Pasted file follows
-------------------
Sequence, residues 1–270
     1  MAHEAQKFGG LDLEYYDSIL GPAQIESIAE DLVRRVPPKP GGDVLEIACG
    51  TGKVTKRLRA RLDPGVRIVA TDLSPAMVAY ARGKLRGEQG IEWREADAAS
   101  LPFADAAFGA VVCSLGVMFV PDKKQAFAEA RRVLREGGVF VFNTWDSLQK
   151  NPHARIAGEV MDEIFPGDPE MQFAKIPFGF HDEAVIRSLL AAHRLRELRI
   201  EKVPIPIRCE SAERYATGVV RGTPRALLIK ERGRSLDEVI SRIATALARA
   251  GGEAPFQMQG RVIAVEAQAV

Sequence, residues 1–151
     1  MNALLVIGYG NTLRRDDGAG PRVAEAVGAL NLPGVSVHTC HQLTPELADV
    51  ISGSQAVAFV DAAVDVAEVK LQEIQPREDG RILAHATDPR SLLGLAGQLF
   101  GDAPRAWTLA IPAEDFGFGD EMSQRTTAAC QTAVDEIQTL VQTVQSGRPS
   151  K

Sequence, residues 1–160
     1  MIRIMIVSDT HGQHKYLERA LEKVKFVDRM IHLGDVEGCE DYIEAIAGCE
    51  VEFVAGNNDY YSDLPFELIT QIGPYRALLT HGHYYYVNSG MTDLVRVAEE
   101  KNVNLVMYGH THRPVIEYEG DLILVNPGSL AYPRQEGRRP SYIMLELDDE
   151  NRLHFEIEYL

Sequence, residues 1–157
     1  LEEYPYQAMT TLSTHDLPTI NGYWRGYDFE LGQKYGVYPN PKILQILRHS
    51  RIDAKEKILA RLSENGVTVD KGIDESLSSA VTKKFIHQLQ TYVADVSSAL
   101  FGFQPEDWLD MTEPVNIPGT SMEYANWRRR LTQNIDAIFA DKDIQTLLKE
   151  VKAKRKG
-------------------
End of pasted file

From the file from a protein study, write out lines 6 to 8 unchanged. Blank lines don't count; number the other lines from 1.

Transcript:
   201  EKVPIPIRCE SAERYATGVV RGTPRALLIK ERGRSLDEVI SRIATALARA
   251  GGEAPFQMQG RVIAVEAQAV

Sequence, residues 1–151